Beginners who dare to dream, a story of Iranian football | Soccer News
Of the 11 foreign teams present at the AFC Women’s Asian Cup, one name aroused immediate curiosity. Iran. Beginners. Stories heard around football and Iranian women more recently were about their battle to watch men’s matches live. Then there was the tragedy of “Blue Girl” Sahar Khodayari, the Esteghlal fan who committed suicide while on trial for trying to enter a stadium disguised as a man.
Who are these Iranian women who really dare to play football? How had they blindsided everyone by qualifying for Asia’s biggest women’s competition on their fourth attempt? In October, Iran knocked out favorite Jordan on penalties to travel to India. There’s a video on YouTube of the highlights of the women – dressed in head-to-toe white, hijabs, long-sleeved shirts and shorts over tights – attacking, defending, sprinting and taking on the Jordanians.
Besides being a mystery to the outside world, Iranian women’s football is full of peculiar juxtapositions. The national team had no official football for two years and qualified for the Asian Cup, after about six months of training. They didn’t have any pre-tournament friendlies as India approached. The Women’s Asian Cup is their biggest event ever, but their matches won’t be shown on Iran’s state-run TV channels due to a law that prohibits showing women’s bodies on screen. Iranian female athletes can train and compete, but in women-only parks and stadiums, not supervised or guarded by men.
Information about them on the Internet in English is scarce. Wikipedia says an Iranian women’s team was formed in 1976, but after the “revolution” football was banned and the Iranian women’s national team was not “refounded” until 2005. The Iranian-American Katayoun Khosrowyar, player in the 2005 team and the national junior coach in 2019 was the famous face of Iranian women’s football for the western world. Descending his trail proved unsuccessful.
In this Asian Cup, the most prominent Iranian figure is their coach with the formidable name Maryam Irandoost, daughter of former player and coach Nosrat Irandoost. In an AFC video, Ms Irandoost promises that with the right support, her team could reach the Women’s World Cup final in five years. Still, that wasn’t enough news about India’s first Asian Cup opposition on Thursday.
After days of emailing, trawling and trolling various corners of Iranian football, S Abdolhamid Ahmadi, a Tehran-based sports journalist, has sent over the Persian links of ISNA (agency Iranian student press release) reports on the Iranian women’s team. Tehran time was a diligent record keeper: a 10-day training camp in Charleroi, Belgium was canceled, the team trained at home on Kish Island before traveling to India. Irandoost said no pre-match friendly matches could be held as training requests against 14 countries had been denied. “They didn’t accept our request because Iran women’s football team is not a strong team, but I believe in my daughters and we are looking for a place in the knockout stage of the competition.”
On BBC Persian Instagram, there was a video of the women in a choir coaching on their last night at camp, singing, ‘Name Javide Vatan’, a popular song about the homeland, full of glory and of course death. ISNA said midfielder Elham Farahmand would travel to India with her five-month-old baby and mother. Army wife Farahmand is the wife of former Iranian professional and international junior Hossein Papi. If she had been from an English-speaking country, she would have been a superstar.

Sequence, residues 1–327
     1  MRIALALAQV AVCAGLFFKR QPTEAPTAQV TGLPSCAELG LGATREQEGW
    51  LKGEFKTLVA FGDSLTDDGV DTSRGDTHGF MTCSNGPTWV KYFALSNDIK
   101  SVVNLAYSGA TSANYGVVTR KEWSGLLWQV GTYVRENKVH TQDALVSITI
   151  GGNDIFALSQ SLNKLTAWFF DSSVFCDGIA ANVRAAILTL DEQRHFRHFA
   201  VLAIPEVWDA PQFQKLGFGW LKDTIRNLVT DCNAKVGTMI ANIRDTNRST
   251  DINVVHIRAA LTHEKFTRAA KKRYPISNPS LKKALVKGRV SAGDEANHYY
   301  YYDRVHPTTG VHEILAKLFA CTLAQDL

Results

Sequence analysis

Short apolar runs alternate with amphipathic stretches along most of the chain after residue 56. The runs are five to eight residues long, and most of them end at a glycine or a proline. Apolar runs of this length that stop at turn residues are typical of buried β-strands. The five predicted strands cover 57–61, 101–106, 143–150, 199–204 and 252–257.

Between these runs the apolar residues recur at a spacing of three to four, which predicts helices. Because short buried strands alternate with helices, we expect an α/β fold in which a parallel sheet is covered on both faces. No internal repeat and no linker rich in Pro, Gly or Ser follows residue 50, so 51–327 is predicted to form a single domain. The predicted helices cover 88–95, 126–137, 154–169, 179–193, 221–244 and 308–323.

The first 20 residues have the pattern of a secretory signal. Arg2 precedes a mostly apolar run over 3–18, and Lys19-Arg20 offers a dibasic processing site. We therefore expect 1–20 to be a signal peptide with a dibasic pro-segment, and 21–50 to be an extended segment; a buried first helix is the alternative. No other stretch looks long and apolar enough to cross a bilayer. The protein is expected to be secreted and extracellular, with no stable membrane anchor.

At this point, Payam Younesipour, the sports editor of the Vienna-based IranWire news agency, became my guide through what he calls “the closed island” on which Iranian female footballers live and play. Iranian national women’s football which was “reborn” in 2005 was again “closed” on several occasions. It was Younesipour who revealed that there was no formal or informal football for the national team from 2019 to 2021 and that they qualified for the Asian Cup after just a few months of hiatus. coaching.
During these two years in limbo, Iran were ejected from the FIFA rankings but are now ranked 70. It took pressure from FIFA and the AFC on the Iranian federation for the women’s team Iranian leaves. The ‘sabbatical years’ president of the Iranian Football Federation, Mehdi Taj, is currently vice-president of the AFC.
The team’s turnaround in just a few months, Younesipour said, was the result of Iranian women’s international connection, due to the national women’s premier league competition called Kowsar League, which is in its 15th year. “The league is vibrant and established…there are foreign camps and contact with tier one and two teams in Asia and Europe.” Current midfielder Yasaman Farmani plays for Charleroi in the Belgian Women’s Super League. Kerman province is considered the center of Iranian women’s football due to two club teams, in the municipalities of Bam and Sirjan, which provide healthy financial support for the game.
But Kowsar league matches are never filmed, let alone broadcast. Younesipour said the Intelligence Ministry persecuted the women who broadcast the contest live on their Instagram pages. Football is still not taught in Iranian girls’ schools, with players going through academies, but futsal, which started in 2001, is huge. Today, Iran are two-time Asian women’s futsal champions.
Women’s football was banned when the “Islamic Republic” was established in 1979, but even then, Younesipour says, “Iranian girls had been playing football illegally on the streets”. It’s as if the spirit of Iranian women’s football – or should it be Iranian women themselves – cannot be extinguished, let alone extinguished.
Khosh amadid, khaharan. Welcome, my sisters.